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Paris Climate Agreement Might Not Be Enough, Unless…


To strengthen the global response to the threat of climate change, COP 21 gave birth to the Paris Agreement, which calls for nations to keep global average temperatures under 1.5 degrees. However, signs point out that more than this agreement is needed. Recent research published in Science Magazine about global glacier change in the 21st century shows that the scale and impacts of glacial loss are larger than previously expected. This urges both private and public organizations to revise their goals and accelerate their actions.

URGENCY OF ESTABLISHING NEW CLIMATE PLEDGES

Even if humanity achieves the goals outlined in the Paris climate agreement, 49% of the planet's glaciers would have disappeared by 2100 under the most optimistic scenario of 1.5C warming. If so, there would be almost no glaciers left in central Europe, western Canada, and the US by the end of the next century. Moreover, it will raise sea levels, threaten the water supply to up to 2 billion people, and increase the risk of floods. The loss of glaciers will eventually affect the living of every sector and individual.

EXPEDITE THE PROCESS

There is a likelihood that the Paris agreement target does not apply to the current circumstances, so additional commitments and measures are required to change the anticipated impact. For the private sector, every organization has to make the transition to sustainability occur to fasten the action in reducing global warming. For example, the furniture company IKEA published its goals for 2030 to use 100% renewable or recyclable materials and has set a goal to be powered by 100% clean energy. The company aims to inspire 1 billion people to live healthier, sustainable lives by prolonging the life of its products, promoting circular solutions, and helping customers repair, reuse and recycle old furnitures.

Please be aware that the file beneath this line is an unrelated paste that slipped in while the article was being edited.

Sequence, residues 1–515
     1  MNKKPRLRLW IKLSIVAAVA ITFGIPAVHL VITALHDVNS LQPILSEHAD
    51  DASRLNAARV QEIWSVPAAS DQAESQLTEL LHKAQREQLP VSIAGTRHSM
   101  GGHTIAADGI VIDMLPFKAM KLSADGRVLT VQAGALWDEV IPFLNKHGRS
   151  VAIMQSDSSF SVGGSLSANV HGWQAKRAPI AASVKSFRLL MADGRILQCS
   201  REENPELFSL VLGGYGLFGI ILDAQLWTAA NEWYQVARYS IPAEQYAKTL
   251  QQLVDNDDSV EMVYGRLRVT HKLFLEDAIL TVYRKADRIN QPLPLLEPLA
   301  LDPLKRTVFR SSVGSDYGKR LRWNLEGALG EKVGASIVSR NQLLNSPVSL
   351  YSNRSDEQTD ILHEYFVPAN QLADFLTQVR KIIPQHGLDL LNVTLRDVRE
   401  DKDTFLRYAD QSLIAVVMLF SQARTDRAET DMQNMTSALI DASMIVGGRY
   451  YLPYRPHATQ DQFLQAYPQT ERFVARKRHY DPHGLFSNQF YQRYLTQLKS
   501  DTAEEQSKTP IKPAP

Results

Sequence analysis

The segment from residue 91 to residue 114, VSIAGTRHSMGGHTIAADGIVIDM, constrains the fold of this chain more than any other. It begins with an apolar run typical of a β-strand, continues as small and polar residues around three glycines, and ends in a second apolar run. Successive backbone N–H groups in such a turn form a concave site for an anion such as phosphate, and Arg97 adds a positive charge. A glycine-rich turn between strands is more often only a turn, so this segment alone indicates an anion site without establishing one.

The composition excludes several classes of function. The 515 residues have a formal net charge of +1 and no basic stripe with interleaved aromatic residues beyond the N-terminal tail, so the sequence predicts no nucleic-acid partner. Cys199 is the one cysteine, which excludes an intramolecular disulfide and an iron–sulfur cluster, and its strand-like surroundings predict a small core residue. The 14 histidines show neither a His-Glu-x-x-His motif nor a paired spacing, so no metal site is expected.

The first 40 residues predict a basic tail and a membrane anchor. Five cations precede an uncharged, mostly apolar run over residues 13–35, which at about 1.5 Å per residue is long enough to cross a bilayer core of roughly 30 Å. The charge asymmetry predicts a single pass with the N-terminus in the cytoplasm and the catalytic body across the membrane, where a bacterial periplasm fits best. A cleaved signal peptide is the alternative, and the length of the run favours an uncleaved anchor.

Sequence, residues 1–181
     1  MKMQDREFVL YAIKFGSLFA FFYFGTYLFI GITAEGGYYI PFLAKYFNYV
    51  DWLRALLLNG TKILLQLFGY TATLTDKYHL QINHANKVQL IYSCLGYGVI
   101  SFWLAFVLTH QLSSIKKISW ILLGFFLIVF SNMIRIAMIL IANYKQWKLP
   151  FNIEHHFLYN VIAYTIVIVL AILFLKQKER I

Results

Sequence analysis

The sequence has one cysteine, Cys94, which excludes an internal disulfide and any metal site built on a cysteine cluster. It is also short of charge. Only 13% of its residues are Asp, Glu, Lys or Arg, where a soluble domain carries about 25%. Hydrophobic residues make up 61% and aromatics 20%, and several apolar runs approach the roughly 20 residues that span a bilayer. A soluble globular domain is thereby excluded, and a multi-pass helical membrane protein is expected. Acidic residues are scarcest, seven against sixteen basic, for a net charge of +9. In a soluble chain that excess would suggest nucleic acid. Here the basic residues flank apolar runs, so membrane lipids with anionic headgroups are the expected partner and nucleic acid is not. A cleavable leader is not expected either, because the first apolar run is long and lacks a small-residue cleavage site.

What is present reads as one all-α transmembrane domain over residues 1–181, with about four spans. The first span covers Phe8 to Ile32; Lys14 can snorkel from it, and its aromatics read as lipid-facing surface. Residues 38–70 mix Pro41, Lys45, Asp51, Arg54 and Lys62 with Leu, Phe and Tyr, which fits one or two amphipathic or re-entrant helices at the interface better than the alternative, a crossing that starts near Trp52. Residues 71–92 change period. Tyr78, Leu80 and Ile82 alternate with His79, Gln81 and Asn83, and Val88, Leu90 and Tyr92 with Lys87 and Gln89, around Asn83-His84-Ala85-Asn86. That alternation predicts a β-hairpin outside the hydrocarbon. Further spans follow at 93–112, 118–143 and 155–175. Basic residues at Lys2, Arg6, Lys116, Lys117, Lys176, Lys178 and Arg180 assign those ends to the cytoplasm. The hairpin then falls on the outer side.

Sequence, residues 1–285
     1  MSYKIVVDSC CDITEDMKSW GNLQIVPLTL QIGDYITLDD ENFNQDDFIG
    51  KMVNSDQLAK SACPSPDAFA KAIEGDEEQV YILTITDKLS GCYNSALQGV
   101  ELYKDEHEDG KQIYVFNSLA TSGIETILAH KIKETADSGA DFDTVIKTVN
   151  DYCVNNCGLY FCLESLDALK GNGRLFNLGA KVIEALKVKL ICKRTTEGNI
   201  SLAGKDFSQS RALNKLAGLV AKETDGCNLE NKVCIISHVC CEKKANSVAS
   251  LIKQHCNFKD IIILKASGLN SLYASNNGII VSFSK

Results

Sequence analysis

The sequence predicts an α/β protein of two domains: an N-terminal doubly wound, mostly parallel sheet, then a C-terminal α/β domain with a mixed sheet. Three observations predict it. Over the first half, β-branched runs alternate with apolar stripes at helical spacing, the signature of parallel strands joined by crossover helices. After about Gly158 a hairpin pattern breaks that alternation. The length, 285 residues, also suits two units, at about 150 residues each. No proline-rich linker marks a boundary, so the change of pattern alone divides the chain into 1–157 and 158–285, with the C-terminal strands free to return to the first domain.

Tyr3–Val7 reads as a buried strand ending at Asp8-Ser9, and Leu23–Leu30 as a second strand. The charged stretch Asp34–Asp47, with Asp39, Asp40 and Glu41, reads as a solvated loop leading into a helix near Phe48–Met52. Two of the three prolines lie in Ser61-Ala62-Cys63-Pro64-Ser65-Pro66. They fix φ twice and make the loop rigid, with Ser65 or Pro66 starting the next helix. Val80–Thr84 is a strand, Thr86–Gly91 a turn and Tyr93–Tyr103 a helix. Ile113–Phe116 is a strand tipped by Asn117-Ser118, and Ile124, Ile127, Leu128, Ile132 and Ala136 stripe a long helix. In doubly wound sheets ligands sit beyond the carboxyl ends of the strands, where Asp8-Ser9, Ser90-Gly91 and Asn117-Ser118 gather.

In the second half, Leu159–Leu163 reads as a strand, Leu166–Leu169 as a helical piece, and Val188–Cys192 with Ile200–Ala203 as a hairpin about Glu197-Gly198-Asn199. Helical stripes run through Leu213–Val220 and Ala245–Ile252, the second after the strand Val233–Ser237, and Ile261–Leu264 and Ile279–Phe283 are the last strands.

Apart from that, the public sector should be the enabler that supports all these transitions. The Singaporean government has accelerated its action in reducing emissions from 65 million to around 60 million tonnes of CO2 equivalent in 2030. This goal provides three fundamental principles: an integrated approach, investments in R&D, and partnerships to change businesses and individuals' behavior.


Despite the report's more challenging obstacle, it is still possible to establish and find a means to commit to the new sustainability goal. To have a positive impact on the environment and people's quality of life in the future, public-private cooperation is essential in establishing more pledges and accelerating the process.



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